Sunday, March 9, 2014
(Continued from page 2)
Jean-Pierre Cormier, the spokesman for a group of lobstermen on Aboiteau Wharf in Cap-Pele, New Brunswick, says, “We can’t fish for $2.50 a pound. How do you make a living on that?”
Photo by Gilles Landry
In Maine, annual lobster landings have been going up steadily for the past several years and topped 100 million pounds for the first time last year. As prices for their catch drop, lobstermen are relying on quantity, not quality, to make ends meet.
The same is true for New Brunswick, but their lobstermen have more restrictions. Maine license holders can haul 500 to 800 traps and can fish any time of year. New Brunswick lobstermen are limited to 375 traps and can fish in certain zones only during certain times.
The Lobster Council of Canada has actually advocated for less fishing, not more, Parsons said, but it's a competitive industry. Telling lobstermen to stay home is no easy task.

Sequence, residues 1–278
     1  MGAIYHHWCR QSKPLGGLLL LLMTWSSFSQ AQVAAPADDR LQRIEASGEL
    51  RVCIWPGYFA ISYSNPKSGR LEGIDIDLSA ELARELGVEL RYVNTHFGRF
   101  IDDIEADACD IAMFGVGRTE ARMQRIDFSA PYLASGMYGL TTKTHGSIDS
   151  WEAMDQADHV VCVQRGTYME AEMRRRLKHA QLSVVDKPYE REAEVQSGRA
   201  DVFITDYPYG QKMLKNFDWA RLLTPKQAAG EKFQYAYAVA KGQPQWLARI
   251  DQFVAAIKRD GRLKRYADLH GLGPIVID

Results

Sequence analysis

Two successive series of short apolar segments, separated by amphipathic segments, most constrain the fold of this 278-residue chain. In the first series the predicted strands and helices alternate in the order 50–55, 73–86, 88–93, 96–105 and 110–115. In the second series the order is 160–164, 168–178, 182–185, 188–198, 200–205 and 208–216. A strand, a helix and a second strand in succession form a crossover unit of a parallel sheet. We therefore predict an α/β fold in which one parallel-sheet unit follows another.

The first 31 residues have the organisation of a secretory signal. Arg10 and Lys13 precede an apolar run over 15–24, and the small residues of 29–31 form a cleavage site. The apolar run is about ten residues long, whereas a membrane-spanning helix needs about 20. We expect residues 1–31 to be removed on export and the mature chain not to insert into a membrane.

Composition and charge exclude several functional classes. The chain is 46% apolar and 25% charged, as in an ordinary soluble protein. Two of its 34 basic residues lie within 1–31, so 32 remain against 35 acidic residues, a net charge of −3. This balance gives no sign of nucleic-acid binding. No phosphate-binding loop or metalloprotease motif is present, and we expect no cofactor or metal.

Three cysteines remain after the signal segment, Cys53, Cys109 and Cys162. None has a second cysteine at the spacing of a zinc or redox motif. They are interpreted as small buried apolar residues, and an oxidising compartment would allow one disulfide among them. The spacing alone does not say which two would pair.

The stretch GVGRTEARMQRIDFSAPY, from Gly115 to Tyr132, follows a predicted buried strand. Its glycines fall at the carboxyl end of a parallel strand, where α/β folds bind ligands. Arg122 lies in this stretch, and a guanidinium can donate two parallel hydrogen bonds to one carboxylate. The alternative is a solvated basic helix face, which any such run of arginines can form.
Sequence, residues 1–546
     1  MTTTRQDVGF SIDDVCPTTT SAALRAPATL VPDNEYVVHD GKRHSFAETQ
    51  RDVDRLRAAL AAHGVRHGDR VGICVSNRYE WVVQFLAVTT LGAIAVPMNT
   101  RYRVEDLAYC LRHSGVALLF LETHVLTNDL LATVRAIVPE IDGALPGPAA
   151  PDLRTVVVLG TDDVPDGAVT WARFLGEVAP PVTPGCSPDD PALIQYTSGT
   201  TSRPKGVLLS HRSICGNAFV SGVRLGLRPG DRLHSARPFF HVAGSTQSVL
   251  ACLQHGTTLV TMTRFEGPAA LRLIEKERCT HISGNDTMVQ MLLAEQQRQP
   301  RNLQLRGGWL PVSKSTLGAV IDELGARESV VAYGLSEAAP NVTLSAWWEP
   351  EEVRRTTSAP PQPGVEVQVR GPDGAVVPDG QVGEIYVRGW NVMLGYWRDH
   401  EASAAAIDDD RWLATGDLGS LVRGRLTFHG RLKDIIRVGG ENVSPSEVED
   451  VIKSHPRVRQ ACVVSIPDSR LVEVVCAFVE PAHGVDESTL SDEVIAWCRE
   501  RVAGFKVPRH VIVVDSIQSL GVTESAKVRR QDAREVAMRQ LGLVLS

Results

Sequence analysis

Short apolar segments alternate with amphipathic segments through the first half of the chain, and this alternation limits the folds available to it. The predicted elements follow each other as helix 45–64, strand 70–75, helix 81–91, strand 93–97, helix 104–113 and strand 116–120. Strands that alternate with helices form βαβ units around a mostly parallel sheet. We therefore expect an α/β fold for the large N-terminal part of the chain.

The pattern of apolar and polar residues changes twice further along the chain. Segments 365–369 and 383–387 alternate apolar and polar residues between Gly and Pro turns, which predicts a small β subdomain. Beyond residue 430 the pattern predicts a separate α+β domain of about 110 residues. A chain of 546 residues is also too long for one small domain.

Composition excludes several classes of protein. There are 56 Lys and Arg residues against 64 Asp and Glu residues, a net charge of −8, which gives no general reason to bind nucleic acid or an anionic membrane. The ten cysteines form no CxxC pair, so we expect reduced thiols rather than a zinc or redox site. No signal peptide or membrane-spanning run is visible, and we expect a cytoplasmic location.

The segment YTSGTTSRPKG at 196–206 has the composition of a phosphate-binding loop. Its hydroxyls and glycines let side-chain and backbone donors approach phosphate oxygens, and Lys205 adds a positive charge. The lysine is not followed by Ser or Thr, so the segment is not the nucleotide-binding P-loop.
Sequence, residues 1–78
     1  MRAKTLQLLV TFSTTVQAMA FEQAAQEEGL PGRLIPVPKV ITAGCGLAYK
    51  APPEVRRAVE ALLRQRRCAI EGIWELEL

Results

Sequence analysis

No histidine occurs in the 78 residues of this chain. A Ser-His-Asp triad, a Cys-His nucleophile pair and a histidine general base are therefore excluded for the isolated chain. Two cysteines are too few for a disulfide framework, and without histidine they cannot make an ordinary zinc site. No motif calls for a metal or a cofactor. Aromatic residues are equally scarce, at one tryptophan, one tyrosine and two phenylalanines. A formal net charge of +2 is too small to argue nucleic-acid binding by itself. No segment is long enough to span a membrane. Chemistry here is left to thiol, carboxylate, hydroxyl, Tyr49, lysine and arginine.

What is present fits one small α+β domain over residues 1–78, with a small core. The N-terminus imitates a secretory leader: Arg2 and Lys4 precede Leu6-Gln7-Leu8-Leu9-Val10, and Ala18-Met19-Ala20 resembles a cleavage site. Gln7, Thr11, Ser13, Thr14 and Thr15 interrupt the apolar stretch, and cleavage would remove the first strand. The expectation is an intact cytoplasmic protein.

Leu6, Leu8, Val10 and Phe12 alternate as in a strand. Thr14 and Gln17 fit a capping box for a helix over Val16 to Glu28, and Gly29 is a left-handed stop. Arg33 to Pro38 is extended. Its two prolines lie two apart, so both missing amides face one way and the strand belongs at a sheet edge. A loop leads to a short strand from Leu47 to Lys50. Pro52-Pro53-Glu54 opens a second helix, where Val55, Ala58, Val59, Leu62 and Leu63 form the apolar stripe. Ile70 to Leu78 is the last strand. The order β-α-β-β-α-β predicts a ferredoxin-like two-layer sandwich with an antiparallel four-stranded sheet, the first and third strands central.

Cormier, the lobsterman from Cap-Pele, said he doesn't want to go up against Maine lobstermen. He said New Brunswick's processors can handle both Maine lobsters and Canadian lobsters, as long as the price is consistent and fair.
As some lobstermen continue to insist on more money from processors, New Brunswick Premier David Alford said in an interview last week that his government will work with lobstermen on a solution but will not subsidize the industry.
He called the injunction a "good first step," but said it's not a long-term solution. The deal struck Friday represented concessions by both sides and will allow the lobster season to go forward. A long-term solution, though, is needed, Alford said.
Parsons said he's optimistic that the current struggle will lead to better days, eventually. For the first time in a long time last week, lobstermen and processors were sitting at the same table.
"Maybe this needed to happen," he said. "Maybe we'll look back a few years from now and say we're all better off."
Staff Writer Eric Russell can be contacted at 791- 6344 or at:
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Maurice Guimond manages the Moncton Fish Market in Moncton, New Brunswick. “Think about going into work one day and having your boss tell you that you’re going to make $2 less an hour. That’s what has happened to these lobstermen,” he said.
Photo by Gilles Landry